A lot of people have asked me about the difference between being depressed and being sad. Both these words are used one for the other so easily. Especially depression! It is used so loosely and casually without knowing what it really means. So, I have been asked to write something on these lines by some of my Trainees and Coachees and hence here it is! I get this question when I am attending inquiry calls related to my Emotional Intelligence Training. Actually, just a few days ago when I was running an NLP Practitioner Certification in Mumbai, one of my Trainees said, “The title should be ‘Are you depressed or are you just sad’”. I had a problem with the word ‘just’ in that title. Well, being sad is also serious you know! It calls for some action from your end if you are sad. It is your brain’s way of telling you that current effort needs to be changed because the external or internal conditions/circumstances have changed. Let us differentiate the two.
Sadness is a human emotion that all people feel at certain times during their lives. Feeling sad is a natural reaction to situations that violate your beliefs or values. There are varying degrees of sadness. But like other emotions, sadness is temporary and fades with time. In this way, sadness differs from depression. Depression is a longer-term mental illness. It impairs social, occupational, and other important areas of functioning. Left untreated, symptoms of depression may last for a long time. To be diagnosed with depression, people need to have at least 5 of the following symptoms, for a continual duration of at least two weeks. Mental health professionals use the American Psychiatric Association Diagnostic and Statistical Manual of Mental Disorders (DSM-5 criteria) to help determine if someone is sad or depressed. You may receive a diagnosis of depression or persistent depressive disorder if you meet the criteria. It should be noted: The severity of these symptoms must also be considered, so please use these only as a guideline and see a mental health professional for a conclusive diagnosis:
- A depressed or irritable mood most of the time.
- A loss or decrease of pleasure or interest in most activities, including ones that had been interesting or pleasurable previously.
- Significant changes in weight or appetite.
- Disturbances in falling asleep or sleeping too much.
- Feeling slowed down in your movements or restless most days.
- Feeling tired, sluggish, and having low energy most days.
- Having feelings of worthless or excessive guilt most days.
- Experiencing problems with thinking, focus, concentration, creativity and the ability to make decisions most days.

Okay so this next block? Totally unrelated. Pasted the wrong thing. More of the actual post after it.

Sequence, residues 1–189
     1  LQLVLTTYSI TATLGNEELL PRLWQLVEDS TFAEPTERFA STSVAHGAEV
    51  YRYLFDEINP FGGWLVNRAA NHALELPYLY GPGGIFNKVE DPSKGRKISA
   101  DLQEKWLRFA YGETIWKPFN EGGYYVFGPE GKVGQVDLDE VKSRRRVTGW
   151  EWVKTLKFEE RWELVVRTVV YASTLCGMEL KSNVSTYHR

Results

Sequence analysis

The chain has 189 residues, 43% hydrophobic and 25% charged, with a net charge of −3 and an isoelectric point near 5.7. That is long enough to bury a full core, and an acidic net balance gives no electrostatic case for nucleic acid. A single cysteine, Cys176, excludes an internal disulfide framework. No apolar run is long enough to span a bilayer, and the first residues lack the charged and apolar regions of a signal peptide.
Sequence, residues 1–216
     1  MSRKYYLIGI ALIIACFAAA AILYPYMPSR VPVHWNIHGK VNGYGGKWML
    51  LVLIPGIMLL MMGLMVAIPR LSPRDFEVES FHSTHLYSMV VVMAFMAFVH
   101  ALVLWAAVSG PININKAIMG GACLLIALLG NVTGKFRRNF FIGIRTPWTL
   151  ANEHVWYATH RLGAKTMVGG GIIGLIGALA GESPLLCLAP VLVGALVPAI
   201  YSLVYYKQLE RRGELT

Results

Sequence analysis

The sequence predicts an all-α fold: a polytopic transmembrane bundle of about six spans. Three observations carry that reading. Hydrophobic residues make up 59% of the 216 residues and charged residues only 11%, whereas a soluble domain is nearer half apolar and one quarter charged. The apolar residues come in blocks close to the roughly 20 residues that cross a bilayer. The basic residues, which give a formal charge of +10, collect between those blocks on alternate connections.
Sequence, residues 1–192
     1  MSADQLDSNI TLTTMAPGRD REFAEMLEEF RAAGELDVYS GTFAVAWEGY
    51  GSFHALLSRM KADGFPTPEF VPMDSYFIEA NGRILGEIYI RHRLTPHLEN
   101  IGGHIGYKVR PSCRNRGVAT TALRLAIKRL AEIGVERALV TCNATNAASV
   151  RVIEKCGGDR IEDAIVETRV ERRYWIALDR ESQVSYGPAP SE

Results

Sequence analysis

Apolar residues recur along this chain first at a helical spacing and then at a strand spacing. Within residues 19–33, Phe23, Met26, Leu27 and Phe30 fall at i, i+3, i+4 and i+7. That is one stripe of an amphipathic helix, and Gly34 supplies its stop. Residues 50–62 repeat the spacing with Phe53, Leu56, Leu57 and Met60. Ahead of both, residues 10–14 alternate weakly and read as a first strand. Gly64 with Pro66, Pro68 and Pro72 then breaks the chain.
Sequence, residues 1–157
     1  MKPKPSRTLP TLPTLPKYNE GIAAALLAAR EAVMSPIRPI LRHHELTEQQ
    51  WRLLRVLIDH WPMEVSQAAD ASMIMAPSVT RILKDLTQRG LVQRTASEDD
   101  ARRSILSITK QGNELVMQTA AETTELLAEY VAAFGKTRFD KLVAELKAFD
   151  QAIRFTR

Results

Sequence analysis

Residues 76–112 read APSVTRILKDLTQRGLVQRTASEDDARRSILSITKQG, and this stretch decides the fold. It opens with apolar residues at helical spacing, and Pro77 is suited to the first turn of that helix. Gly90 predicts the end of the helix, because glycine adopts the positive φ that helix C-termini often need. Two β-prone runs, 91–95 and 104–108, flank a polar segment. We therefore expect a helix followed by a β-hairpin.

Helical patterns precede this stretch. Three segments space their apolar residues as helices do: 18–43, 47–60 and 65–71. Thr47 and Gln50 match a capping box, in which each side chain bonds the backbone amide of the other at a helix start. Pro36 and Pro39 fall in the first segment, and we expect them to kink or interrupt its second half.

- Having thoughts of dying or suicide.
Depression can occur in both men and women of any age and can affect people of all ethnic groups and socio-economic backgrounds. There are several risk factors for depression but having one or two risk factors doesn’t mean you are depressed. Risk factors include:
- Early childhood or teenage trauma
- Inability to cope with a devastating life event, such as the death of a child or spouse, or any situation that causes extreme levels of pain
- Low self-esteem
- Family history of mental illness, including bipolar disorder or depression
- History of substance abuse, including drugs and alcohol
- Lack of family or community acceptance for identifying as lesbian, gay, bisexual, or transgender (LGBT)
- Trouble adjusting to a medical condition, such as cancer, stroke, chronic pain, or heart disease
- Trouble adjusting to body changes due to catastrophic injury, such as loss of limbs, or paralysis
- History of prior mental health disorders, including anorexia, bulimia, post-traumatic stress disorder (PTSD), or anxiety disorder
- Lack of a support system, such as friends, family, or co-workers
Depression can also occur because of certain medication or drugs:
- hormonal medications
- Statins, which are drugs used to treat high cholesterol
Obviously, a good question is when do you ask for help? Talk to your doctor if you experience sadness for more than 2 weeks and/or have suicidal thoughts. You will need to seek help if your feelings interfere with your ability to function, take part in usual day-to-day routine or experience enjoyment through any channel.
If you are experiencing sadness (which could extrapolate to depression) you could do some minor lifestyle changes which may help:
- There is something called as Dress-up therapy. Works very well. Dress up for a happy occasion even if there isn’t one because it is proven that your physiology and the way you carry yourself affects the way you think and feel.
- Talk! Expressing yourself definitely helps. You just need a good listening friend in your life you can engage with.
- Loneliness can push you deeper into depression and believe me, loneliness has resulted in deaths as well. Hence make sure you don’t do all the activities alone. Keep your interactions going.
- Connect with other like-minded people. Take a yoga class, or join a jogging club, knitting circle, or another group that interests you. Engage in physical activities or sports.
- Build in time each day for an activity you enjoy.
- Watch funny television shows or movies or read a light-hearted or funny book.
- If you love animals, spend time each day with a furry friend.
- Do not self-medicate through the use of drugs or alcohol.
- Treat yourself kindly by eating healthy and trying to get enough sleep.
- If you have trouble sleeping, try meditating or taking a warm bath before bed.
- Simplify your life as best you can.
Dealing with Sadness and Depression takes a lot of effort apart from keeping the commitments you have made to yourself. Make sure your routine includes self-care. Think of what activities have made you happy in the past and start pursuing those. Of course, reach out to me if you need more clarity.